5 Science Mysteries That Baffled Albert Einstein, Explained

Albert Einstein arrived into the science community from nowhere, when he famously refuted Cambridge mathematician Lord Kelvin's 1900 assertion: "There is nothing new to be discovered in physics now. All that remains is more and more precise measurement."

With four papers written when he was a 26-year-old Swiss government clerk, Einstein revolutionized much of what other experts thought they knew about astrophysics.

One of the papers' most famous quotes found Einstein proposing "the velocity of light is independent of the motion of the light source," which would eventually form the basis of his Special Theory of Relativity, which went on to be distilled into the theorem E = mc2.

But while very few scientists before or since have contributed more to uncovering the universe's secrets than the German-born theoretical physicist, even this was genius was not right about absolutely everything.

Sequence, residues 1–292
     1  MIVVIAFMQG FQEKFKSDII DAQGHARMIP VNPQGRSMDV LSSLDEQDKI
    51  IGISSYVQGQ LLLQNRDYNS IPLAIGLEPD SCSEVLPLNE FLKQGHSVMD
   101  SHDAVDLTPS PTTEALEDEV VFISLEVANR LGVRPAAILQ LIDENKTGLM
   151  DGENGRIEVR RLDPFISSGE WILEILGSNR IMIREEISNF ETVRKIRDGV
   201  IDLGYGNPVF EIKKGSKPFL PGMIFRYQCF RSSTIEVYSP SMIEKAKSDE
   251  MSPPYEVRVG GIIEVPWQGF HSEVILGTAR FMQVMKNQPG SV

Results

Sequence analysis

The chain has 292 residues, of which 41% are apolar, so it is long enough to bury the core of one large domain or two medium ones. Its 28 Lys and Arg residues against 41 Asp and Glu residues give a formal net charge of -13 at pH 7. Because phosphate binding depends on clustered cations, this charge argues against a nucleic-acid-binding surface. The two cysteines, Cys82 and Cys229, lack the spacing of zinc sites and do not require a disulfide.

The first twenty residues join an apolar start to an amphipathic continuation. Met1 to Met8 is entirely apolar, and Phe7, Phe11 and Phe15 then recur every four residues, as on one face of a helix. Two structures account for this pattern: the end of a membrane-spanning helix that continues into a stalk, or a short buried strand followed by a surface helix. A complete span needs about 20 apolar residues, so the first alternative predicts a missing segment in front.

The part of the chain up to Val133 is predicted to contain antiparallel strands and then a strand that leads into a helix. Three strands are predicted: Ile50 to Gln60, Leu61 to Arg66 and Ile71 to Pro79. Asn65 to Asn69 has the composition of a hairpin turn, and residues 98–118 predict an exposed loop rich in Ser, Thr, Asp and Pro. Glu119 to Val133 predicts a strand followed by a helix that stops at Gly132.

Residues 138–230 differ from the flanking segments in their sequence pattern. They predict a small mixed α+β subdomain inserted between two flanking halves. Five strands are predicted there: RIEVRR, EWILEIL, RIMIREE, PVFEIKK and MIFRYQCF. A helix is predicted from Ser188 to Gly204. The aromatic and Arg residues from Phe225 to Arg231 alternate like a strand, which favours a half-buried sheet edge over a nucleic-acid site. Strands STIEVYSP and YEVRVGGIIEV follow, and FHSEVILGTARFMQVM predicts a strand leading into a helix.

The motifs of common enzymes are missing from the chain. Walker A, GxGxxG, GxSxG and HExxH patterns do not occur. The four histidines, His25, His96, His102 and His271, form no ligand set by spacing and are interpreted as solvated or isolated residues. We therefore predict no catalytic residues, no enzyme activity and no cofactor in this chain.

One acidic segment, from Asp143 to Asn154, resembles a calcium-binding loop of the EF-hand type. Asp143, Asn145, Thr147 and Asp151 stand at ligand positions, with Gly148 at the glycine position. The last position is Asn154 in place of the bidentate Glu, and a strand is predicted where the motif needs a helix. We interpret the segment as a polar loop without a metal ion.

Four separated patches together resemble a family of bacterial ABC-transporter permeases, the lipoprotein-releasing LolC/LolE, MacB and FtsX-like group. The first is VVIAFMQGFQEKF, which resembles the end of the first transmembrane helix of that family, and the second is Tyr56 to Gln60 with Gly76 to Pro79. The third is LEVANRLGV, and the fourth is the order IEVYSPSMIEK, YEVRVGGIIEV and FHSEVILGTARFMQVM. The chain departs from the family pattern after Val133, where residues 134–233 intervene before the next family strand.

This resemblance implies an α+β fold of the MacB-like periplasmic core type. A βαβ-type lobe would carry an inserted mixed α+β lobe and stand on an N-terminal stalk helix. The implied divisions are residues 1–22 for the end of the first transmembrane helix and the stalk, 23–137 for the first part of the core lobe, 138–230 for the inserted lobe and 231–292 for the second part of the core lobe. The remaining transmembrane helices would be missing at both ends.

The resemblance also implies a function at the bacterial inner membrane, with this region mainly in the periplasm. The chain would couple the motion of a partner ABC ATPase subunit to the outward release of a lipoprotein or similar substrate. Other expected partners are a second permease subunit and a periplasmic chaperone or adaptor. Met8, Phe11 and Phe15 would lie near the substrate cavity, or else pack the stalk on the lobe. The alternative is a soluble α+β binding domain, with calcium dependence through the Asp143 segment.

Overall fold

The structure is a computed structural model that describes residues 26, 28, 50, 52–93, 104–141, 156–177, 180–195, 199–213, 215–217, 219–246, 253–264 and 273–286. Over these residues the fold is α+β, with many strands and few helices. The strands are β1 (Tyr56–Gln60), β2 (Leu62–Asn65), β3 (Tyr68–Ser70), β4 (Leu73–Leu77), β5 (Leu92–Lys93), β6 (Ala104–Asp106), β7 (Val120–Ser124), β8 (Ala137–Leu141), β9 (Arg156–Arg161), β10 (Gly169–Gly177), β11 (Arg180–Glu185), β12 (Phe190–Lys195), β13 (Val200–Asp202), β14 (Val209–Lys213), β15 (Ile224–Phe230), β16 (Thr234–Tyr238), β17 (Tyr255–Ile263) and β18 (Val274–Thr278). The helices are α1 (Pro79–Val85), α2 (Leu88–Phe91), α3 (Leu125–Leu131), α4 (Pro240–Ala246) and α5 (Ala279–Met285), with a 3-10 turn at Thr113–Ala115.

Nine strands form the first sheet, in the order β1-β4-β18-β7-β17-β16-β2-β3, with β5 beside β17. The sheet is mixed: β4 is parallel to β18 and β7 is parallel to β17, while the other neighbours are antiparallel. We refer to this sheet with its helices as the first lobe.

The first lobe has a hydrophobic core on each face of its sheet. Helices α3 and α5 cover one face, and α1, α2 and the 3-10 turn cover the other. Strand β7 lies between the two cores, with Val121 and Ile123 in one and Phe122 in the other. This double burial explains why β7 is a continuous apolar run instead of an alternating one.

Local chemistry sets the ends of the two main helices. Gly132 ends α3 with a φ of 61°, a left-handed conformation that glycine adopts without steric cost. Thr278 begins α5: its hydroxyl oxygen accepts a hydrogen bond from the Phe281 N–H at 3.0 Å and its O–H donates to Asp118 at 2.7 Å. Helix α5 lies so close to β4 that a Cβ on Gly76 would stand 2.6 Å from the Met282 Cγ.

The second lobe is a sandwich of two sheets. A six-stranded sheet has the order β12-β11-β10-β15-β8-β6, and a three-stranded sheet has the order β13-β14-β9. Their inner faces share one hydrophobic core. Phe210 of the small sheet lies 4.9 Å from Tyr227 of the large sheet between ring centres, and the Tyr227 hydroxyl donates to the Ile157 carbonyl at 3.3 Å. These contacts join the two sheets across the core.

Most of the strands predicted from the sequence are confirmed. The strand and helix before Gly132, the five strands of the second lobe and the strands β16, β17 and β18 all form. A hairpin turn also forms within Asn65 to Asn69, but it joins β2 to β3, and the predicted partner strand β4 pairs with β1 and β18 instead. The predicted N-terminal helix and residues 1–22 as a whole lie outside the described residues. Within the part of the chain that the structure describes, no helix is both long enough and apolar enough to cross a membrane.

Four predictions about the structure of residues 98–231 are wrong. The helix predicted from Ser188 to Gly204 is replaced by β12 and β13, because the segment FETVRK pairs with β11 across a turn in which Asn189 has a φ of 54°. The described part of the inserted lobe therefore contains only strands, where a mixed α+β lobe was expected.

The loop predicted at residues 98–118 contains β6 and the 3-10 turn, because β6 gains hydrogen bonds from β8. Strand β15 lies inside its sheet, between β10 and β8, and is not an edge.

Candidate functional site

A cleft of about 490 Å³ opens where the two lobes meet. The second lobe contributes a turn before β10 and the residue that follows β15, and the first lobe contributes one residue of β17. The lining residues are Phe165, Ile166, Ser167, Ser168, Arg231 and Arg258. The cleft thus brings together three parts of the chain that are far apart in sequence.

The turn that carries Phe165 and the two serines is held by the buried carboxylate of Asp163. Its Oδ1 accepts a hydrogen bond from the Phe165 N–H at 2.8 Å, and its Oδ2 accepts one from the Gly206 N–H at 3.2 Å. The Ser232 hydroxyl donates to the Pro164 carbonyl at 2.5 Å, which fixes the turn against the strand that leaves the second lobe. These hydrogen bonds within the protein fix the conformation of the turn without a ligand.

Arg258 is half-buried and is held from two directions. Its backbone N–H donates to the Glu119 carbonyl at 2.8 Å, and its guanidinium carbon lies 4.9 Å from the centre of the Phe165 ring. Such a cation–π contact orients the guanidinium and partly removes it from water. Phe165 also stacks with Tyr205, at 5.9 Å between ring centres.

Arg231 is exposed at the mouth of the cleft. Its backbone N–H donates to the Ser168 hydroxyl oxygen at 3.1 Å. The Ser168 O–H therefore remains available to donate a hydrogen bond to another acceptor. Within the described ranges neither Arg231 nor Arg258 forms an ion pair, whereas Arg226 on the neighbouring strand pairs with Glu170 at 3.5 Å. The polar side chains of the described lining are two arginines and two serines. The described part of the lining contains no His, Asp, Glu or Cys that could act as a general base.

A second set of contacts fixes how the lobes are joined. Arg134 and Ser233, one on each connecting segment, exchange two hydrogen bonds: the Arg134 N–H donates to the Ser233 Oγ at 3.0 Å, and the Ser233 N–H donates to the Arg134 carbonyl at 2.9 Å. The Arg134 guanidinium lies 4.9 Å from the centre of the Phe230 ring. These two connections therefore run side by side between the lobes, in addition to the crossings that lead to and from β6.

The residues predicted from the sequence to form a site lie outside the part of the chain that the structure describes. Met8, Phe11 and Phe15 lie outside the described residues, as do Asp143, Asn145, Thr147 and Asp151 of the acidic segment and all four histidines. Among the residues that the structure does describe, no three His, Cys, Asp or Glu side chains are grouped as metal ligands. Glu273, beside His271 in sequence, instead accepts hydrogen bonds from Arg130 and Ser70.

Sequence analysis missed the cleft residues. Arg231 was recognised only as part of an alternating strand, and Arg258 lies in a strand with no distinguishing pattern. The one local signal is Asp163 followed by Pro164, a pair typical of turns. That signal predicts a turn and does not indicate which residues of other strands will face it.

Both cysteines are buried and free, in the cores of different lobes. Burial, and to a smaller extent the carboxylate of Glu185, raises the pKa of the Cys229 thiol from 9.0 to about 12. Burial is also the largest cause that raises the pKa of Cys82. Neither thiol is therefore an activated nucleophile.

1. Gravitational Waves

Colliding Black Holes
An illustration of two black holes spiral towards each other and merge launch ripples through the very fabric of spacetime itself. Researchers have detected a wealth of gravitational waves from powerful cosmic events like this. NASA

Einstein predicted violent events, such as the collision of two black holes, create ripples in space-time known as gravitational waves, with his seminal 1936 paper "Lens-Like Action of a Star by the Deviation of Light."

For a while, Einstein was "convinced" they didn't exist even though his own theories predicted them, astronomy author Colin Stuart told Newsweek.

"He also wrote a seminal paper on gravitational lensing but said it was an effect we would never be able to see.

"Now we routinely use it for all sorts of astronomical work, from evidence for dark matter and finding alien planets."